The Replay Lounge in Lawrence, Kansas, ranked number 64 on Esquire's Best Bars in America 2011 list and landed spot number 31 on Complex Magazine's 2010 list of the 50 best college bars in America. Since opening back in 1993, this popular local bar has been best known for its pinball machines, ice cold PBR, mix of colorful characters, and some of the best live music you'll find anywhere. Few people know that inside this dark little bar, Linux servers and some open source-based scripts are keeping an eye on liquor and its link to the bottom line.
In 1997, a few years after opening the Replay Lounge, owner Nick Carroll formed another new business, Bar Beverage Control. According to Carroll, the average bar loses US$ 10,000 a year in revenue, much of it in lost liquor sales. In an effort to measure and account for how much liquor was being sold compared to how much liquor was left in the bottles, Carroll came up with an inventory process to weigh multiple bottles of liquor at a time, which he then patented. The idea is that bartenders will be more careful about measuring and accounting for the booze if they know there's a record of what was sold versus what was actually served. Carroll soon noticed a 40 percent increase in liquor sales at the Replay, and by 1999, he had his first Bar Beverage Control customers lined up.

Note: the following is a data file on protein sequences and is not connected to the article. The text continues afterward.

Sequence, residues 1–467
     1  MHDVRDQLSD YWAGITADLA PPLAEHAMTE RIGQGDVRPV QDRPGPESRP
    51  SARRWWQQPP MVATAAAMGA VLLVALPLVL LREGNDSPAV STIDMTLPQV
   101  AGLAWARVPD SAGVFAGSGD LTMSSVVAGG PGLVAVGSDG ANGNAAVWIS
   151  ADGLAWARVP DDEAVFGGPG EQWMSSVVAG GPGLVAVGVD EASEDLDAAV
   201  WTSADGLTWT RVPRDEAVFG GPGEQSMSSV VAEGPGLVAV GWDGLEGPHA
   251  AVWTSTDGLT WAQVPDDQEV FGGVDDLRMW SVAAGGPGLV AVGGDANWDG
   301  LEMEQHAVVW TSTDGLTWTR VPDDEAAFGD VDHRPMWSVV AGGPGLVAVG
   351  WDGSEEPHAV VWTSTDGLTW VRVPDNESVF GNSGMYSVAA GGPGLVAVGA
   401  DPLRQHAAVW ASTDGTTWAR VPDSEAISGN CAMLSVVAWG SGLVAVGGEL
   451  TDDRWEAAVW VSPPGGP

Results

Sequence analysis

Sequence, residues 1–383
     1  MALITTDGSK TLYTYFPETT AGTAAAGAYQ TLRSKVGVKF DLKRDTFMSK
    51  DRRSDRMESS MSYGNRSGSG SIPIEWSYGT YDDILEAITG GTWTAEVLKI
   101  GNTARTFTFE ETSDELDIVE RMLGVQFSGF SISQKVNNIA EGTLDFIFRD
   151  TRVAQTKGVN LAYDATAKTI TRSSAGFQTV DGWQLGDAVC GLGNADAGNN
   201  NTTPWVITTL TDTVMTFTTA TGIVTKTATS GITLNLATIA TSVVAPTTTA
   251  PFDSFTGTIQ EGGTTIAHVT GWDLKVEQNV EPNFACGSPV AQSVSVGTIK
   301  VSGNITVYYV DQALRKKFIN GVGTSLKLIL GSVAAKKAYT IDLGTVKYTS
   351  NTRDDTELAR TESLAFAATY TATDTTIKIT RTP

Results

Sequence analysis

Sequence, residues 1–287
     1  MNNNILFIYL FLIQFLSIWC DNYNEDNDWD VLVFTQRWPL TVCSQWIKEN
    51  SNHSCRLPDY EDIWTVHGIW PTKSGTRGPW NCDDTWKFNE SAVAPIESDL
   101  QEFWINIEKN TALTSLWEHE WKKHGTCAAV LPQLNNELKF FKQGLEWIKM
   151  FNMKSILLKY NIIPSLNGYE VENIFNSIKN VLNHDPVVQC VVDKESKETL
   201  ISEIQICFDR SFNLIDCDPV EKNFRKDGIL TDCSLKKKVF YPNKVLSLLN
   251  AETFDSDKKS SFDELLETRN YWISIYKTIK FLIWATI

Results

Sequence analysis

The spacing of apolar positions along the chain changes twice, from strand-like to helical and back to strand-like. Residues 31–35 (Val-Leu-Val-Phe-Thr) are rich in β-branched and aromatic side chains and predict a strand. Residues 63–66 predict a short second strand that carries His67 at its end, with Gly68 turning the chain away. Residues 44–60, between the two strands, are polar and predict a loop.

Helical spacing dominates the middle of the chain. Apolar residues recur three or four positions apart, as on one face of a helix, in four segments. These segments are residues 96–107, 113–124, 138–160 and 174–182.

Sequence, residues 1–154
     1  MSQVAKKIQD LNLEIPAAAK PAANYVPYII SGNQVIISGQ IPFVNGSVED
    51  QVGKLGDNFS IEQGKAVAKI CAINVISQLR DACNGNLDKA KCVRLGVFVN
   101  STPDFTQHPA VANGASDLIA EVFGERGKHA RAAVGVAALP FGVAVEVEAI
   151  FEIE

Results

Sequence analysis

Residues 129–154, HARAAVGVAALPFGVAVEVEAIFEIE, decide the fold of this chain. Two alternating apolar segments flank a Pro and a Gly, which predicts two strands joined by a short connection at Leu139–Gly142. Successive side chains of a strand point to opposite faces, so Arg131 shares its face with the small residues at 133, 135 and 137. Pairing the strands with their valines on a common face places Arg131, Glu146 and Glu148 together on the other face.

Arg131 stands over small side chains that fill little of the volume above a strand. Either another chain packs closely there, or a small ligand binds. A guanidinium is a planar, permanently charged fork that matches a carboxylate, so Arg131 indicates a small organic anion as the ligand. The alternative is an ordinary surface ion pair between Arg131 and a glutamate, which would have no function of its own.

At first, Carroll's software ran on Windows servers and audits were performed using a PDA. Windows bugs and patches and regular upgrades inspired Carroll to search for another solution, which soon led him to Red Hat Linux. In 2009, the company started the process of moving from Red Hat to Ubuntu servers, which they completed last summer with the Ubuntu 10.04 release. About half of Carroll's customers have also moved from Palm Pilots to iPads or Android tablets.
Carroll says that the point of weighing a bar's most popular bottles of booze at the start of a bartender's shift and auditing the liquor sales each day isn't to fire bad bartenders. Rather, the goal is to take a daily snapshot that reports which bartenders are the most accurate with pouring and controlling liquor sales and losses. "The idea is to put them in an environment that's healthy to improve numbers," he says.
Installation of the software costs US$ 1,200, equipment (scales and a tablet computer) costs $750, and then the service is $199 a month. Carroll now has about 100 customers in the US, including KC Hopps-owned restaurants and breweries and Enterprise Fish Co. He has three full-time and two part-time employees in his downtown Lawrence, Kansas office.
Linux and Other Open Source
In addition to the company's Ubuntu servers, open source solutions play a big role in the Bar Beverage Control business. The company website is built on WordPress; the software scripts are written in PHP, Perl, and Python; and they use Postfix and LibreOffice.
Efficiency, stability, versatility, and scalability are some of the reasons Carroll uses Linux. He says that moving from Windows to Linux lets users look forward instead of back all the time, which means a small business can spend time and money on marketing or creating new apps instead of dealing with bugs and frequent upgrades. Mostly, Carroll doesn't spend much time worrying about his operating system these days. "We don't talk about Linux," he says. "It's just there."